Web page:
GDDs Behind, Expected to Catch up Some in Late September - UNL CropWatch, Sept. 21, 2011

GDDs Behind, Expected to Catch up Some in Late September - UNL CropWatch, Sept. 21, 2011

September 21, 2011


Three month forecasts for October–December and January–March provided by the National Weather Service Climate Prediction Center.

A means an above normal chance
N means a normal chance
B means a below normal chance
EC means equal chances for above normal, normal, and below normal

 

 

3 month forecast October-December

 Figure 1.  Three-month temperature forecast for October–December

 

3 month precip forecast October - December

 Figure 2. Three-month precipitation forecast for October–December

 

3 month temp forcast January - March 2012

 Figure 3. Three-month temperature forecast for January–March

3 month precip forecast January - March

Figure 4. Three-month precipitation forecast for January–March
 

September temperatures across the state have averaged 2-4 degrees below normal east of the Panhandle, with isolated pockets of 4-6 degrees below normal reported in central and eastern Nebraska.

Growing degree day (GDD) units for September are running 100-125 units behind normal through Sept. 20, but forecasts for the final 10 days of the month indicate that average temperatures will be 3-5 degrees above normal and cut these deficits by 30-50 units.

The primary factor influencing these colder than normal temperatures is a strong upper air trough that developed over the eastern U.S. Sept. 13-19. Frost and hard freeze conditions hit the eastern Dakotas, Minnesota, northern Iowa, northeast Nebraska, Wisconsin, and Michigan. Major damage to the soybean crop in Minnesota and north central Iowa has been reported, with initial loss estimates ranging from 25-110 million bushels.

Weather models are in strong agreement that an upper air ridge will dominate the central U.S. during the next 14 days and bring dry weather to the region. This should allow crops not recently impacted by freezing temperatures to reach full maturity. If this occurs, I would expect to see harvest activity across southern Nebraska to increase in intensity as the month draws to a close.

With La Nina conditions developing in the Equatorial Pacific region, current models are hinting at a repeat performance of the harvest weather experienced last fall. In other words, above normal temperatures and below normal precipitation are likely across Kansas, Oklahoma, and Texas. If the upper ridge remains into early October, below normal precipitation is likely for Nebraska, while areas across the eastern Corn Belt and Great Lakes could see above normal moisture.

90 Day Forecast: Above Normal Temperatures Likely

The official forecast for the October-December period from the Climate Prediction Center indicates below normal precipitation is likely across the southern Plains into the southwestern corner of Nebraska. A broad area of above normal temperatures is likely for the southern U.S., including the southern and central Plains, as well as areas of the central and eastern Corn Belt (Figures 1 and 2).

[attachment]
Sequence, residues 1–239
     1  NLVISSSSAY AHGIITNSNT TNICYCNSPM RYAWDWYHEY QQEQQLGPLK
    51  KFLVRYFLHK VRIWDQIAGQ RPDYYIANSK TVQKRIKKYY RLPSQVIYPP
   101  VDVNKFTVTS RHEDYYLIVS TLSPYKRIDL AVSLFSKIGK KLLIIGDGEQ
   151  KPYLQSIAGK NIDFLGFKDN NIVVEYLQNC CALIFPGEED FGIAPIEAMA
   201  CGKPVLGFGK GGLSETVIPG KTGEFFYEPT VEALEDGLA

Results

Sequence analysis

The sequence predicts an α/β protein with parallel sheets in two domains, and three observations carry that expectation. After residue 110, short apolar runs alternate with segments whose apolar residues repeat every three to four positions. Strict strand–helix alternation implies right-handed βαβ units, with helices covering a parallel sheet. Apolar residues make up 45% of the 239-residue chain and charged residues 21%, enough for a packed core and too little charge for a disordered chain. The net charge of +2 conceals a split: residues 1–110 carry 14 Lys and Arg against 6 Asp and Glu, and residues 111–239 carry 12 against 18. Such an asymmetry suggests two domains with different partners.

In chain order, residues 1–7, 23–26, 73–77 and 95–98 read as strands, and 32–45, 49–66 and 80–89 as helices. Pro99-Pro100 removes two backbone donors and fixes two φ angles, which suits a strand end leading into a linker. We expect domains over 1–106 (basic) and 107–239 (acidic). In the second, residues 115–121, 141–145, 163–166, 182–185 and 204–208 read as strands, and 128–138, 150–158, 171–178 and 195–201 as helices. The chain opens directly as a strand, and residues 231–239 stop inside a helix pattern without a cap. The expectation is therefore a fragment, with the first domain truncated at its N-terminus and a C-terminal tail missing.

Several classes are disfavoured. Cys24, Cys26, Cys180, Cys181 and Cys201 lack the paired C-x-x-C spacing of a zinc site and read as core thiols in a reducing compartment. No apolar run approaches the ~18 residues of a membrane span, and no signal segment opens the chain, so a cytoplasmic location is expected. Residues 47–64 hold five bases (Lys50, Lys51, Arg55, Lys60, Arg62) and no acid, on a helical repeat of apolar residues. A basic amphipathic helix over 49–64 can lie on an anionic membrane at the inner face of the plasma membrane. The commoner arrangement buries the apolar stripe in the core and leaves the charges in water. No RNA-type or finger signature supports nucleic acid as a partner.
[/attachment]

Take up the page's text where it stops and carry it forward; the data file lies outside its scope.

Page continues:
Normally in Nebraska 50% of the moisture for this three-month period occurs in October. If October comes in at less than 50% of normal moisture, November and December will need to average nearly double normal precipitation just to bring the three-month total back to normal. October is also a key month for building soil moisture profiles for next years’ growing season. Any moisture shortfalls will need to be made up in later months to reduce the likelihood that the severe drought conditions of the southern Plains don’t expand northward into Nebraska.

January-March Forecast

Long range forecasts for the January – March period indicate equal chances of above or below normal precipitation and temperatures for Nebraska, with below normal temperatures across the northern Plains dipping south to the northern Nebraska border region. To our south, above normal temperatures are projected for drought stressed Texas and Oklahoma. Precipitation is expected to be above normal across the Pacific Northwest and northern Rockies, which includes much of the upper North Platte basin (Figures 3 and 4).

If the Corn Belt does receive above normal moisture, spring planting delays could develop. This is not uncommon during a La Nina spring and will really depend on the length and strength of this event. History indicates that the second year of a La Nina is weaker than the first year and generally dissipates by late spring, but this is not guaranteed.

I expect that current drought areas from Iowa through Ohio will disappear by next April, while drought conditions may improve slightly across the southern Plains. However, it is likely that an extensive area of drought conditions will exist from Arizona east through Georgia by next April. If spring rains fail to materialize for Texas and Oklahoma, then rapid expansion into some portions of the primary Corn Belt would likely occur during the first half of next summer.

Allen Dutcher
Extension State Climatologist